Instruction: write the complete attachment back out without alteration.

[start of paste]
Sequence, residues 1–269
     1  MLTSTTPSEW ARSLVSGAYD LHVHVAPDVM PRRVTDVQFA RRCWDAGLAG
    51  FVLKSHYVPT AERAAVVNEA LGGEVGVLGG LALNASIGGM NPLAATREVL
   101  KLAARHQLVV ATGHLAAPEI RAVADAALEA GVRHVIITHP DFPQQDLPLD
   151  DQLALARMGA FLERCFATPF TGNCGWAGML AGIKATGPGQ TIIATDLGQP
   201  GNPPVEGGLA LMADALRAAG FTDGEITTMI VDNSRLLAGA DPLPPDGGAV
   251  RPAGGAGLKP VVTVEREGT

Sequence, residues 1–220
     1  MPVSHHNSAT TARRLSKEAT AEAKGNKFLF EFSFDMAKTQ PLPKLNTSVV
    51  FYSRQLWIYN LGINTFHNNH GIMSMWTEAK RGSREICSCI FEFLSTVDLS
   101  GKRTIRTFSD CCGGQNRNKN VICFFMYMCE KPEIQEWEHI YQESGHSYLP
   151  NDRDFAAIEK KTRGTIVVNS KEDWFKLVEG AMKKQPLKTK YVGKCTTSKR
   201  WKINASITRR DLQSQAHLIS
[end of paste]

Sequence, residues 1–269
     1  MLTSTTPSEW ARSLVSGAYD LHVHVAPDVM PRRVTDVQFA RRCWDAGLAG
    51  FVLKSHYVPT AERAAVVNEA LGGEVGVLGG LALNASIGGM NPLAATREVL
   101  KLAARHQLVV ATGHLAAPEI RAVADAALEA GVRHVIITHP DFPQQDLPLD
   151  DQLALARMGA FLERCFATPF TGNCGWAGML AGIKATGPGQ TIIATDLGQP
   201  GNPPVEGGLA LMADALRAAG FTDGEITTMI VDNSRLLAGA DPLPPDGGAV
   251  RPAGGAGLKP VVTVEREGT

Sequence, residues 1–220
     1  MPVSHHNSAT TARRLSKEAT AEAKGNKFLF EFSFDMAKTQ PLPKLNTSVV
    51  FYSRQLWIYN LGINTFHNNH GIMSMWTEAK RGSREICSCI FEFLSTVDLS
   101  GKRTIRTFSD CCGGQNRNKN VICFFMYMCE KPEIQEWEHI YQESGHSYLP
   151  NDRDFAAIEK KTRGTIVVNS KEDWFKLVEG AMKKQPLKTK YVGKCTTSKR
   201  WKINASITRR DLQSQAHLIS